Campus Units

Entomology, Natural Resource Ecology and Management

Document Type

Article

Publication Version

Published Version

Publication Date

6-2021

Journal or Book Title

Journal of Fish and Wildlife Management

Volume

12

Issue

1

First Page

151

Last Page

162

DOI

10.3996/JFWM-20-075

Abstract

Conservation efforts in rural landscapes seek to improve the multifunctional nature of land uses for people and the biotic communities that support them. In these environments, existing turfgrass lawns mowed routinely through the summer present an opportunity where changes in management from intensively managed monocultures to diverse native perennial vegetation can stack environmental benefits by improving soil health, water quality, and wildlife habitat. Conversion of lawns to pollinator habitat can help achieve continental goals of reversing declines in high-profile species such as the monarch butterfly Danaus plexippus and native bees. Here, we examine the financial implications for landowners and managers considering conversion of lawns to pollinator habitat in rural landscapes. We examined financial factors over a 10-y management horizon in three unique scenarios with a range of expenses: self-maintenance of lawns, contracted maintenance of lawns, and establishment and management of pollinator habitat. Our analyses indicate conversion to pollinator habitat was appreciably less expensive ($54–$167·acre−1·y−1) than continued self-care ($637–$1,007·acre−1·y−1) or contracted care ($326–$1,034·acre−1·y−1) of lawns over a 10-y period. These results establish the financial benefits for landowners or land managers considering an alternative management paradigm of existing lawns. These financial benefits complement existing literature, demonstrating multiple ecological benefits of diverse native perennial vegetation.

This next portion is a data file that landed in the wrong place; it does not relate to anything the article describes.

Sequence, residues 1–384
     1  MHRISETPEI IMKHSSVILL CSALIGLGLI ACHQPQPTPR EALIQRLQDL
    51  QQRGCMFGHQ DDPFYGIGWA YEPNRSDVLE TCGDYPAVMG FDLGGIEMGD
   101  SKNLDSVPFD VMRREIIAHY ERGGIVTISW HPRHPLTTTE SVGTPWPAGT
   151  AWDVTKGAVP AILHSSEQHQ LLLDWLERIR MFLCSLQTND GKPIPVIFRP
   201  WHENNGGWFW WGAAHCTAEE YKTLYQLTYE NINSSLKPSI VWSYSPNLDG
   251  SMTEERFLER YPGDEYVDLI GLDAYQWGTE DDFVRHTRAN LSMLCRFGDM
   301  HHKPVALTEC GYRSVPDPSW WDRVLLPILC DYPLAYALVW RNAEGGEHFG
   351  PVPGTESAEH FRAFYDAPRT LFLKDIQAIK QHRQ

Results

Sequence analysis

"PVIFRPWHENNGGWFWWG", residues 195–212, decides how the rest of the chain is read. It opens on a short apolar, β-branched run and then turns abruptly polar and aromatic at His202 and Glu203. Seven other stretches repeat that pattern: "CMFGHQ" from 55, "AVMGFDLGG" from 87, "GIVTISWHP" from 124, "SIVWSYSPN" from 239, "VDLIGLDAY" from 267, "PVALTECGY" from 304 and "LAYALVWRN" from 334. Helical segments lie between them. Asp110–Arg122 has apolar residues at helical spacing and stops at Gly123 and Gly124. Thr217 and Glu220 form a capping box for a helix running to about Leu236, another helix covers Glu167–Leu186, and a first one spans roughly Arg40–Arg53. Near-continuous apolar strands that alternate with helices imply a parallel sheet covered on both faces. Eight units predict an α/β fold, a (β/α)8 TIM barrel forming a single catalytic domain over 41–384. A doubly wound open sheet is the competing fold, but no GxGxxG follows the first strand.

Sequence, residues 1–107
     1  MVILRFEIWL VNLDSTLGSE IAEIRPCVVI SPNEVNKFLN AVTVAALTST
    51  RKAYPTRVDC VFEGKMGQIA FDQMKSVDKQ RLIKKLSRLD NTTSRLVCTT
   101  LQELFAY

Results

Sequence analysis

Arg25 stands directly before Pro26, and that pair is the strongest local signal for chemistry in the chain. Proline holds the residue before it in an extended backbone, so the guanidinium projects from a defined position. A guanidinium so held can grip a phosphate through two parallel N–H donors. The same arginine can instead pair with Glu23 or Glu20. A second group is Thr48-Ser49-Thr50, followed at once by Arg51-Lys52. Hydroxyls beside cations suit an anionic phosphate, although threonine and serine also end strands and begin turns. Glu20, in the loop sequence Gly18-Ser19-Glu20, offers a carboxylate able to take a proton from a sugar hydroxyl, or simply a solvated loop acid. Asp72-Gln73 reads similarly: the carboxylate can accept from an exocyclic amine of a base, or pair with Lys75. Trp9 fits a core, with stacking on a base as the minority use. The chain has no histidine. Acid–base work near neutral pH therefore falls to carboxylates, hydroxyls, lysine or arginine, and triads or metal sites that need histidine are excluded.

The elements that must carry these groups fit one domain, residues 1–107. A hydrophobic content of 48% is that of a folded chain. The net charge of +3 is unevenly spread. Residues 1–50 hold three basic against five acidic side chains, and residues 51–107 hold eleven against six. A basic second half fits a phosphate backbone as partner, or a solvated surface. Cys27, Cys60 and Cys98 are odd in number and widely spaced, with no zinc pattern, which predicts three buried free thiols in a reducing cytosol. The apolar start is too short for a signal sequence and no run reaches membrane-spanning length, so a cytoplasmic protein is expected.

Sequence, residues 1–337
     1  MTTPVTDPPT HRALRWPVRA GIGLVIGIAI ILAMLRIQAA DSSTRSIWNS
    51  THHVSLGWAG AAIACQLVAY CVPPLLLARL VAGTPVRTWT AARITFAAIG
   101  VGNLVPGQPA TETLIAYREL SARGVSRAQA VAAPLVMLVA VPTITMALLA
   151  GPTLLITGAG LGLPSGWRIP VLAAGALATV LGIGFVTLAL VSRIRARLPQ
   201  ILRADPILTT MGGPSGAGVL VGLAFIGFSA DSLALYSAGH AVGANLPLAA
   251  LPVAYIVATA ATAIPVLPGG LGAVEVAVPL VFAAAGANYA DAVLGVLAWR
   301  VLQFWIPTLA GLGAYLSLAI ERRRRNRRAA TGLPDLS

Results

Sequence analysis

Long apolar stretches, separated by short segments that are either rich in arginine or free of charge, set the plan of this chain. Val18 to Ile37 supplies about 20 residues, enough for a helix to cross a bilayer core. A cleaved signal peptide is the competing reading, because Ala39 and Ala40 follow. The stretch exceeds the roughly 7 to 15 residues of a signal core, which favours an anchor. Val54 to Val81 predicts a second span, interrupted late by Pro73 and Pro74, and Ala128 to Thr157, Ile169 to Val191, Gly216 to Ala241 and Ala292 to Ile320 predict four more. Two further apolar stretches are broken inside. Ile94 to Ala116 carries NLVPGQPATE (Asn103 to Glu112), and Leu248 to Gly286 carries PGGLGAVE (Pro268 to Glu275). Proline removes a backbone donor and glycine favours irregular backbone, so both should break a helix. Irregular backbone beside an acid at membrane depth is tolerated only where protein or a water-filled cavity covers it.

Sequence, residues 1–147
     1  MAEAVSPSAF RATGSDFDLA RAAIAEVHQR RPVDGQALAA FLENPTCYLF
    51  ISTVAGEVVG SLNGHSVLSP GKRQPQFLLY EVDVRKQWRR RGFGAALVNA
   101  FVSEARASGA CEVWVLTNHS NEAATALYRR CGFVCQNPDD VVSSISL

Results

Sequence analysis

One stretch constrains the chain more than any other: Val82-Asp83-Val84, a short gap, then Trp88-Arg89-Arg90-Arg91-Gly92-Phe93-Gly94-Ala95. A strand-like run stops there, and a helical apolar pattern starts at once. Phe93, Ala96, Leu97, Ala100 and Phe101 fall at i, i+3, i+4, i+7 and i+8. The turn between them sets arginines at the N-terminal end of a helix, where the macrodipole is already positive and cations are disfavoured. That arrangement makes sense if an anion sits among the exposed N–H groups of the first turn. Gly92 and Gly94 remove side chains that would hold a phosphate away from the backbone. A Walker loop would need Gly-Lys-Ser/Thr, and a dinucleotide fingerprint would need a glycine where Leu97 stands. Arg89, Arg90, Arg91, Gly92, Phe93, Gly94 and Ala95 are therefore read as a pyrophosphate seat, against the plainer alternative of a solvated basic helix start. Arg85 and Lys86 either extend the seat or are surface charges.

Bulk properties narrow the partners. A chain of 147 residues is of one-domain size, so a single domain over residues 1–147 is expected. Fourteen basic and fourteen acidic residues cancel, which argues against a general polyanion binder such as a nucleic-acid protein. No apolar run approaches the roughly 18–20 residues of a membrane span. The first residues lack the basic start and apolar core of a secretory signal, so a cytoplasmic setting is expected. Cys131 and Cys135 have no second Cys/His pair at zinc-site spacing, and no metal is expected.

Comments

Janke AK, Tyndall JC, Bradbury SP. 2021. Financial analysis of converting rural lawns to pollinator habitat in the Corn Belt. Journal of Fish and Wildlife Management 12(1):151–162; e1944-687X. https://doi.org/10.3996/JFWM-20-075

Rights

All material appearing in the Journal of Fish and Wildlife Management is in the public domain and may be reproduced or copied without permission unless specifically noted with the copyright symbol ©. Citation of the source, as given above, is requested.

Language

en

File Format

application/pdf

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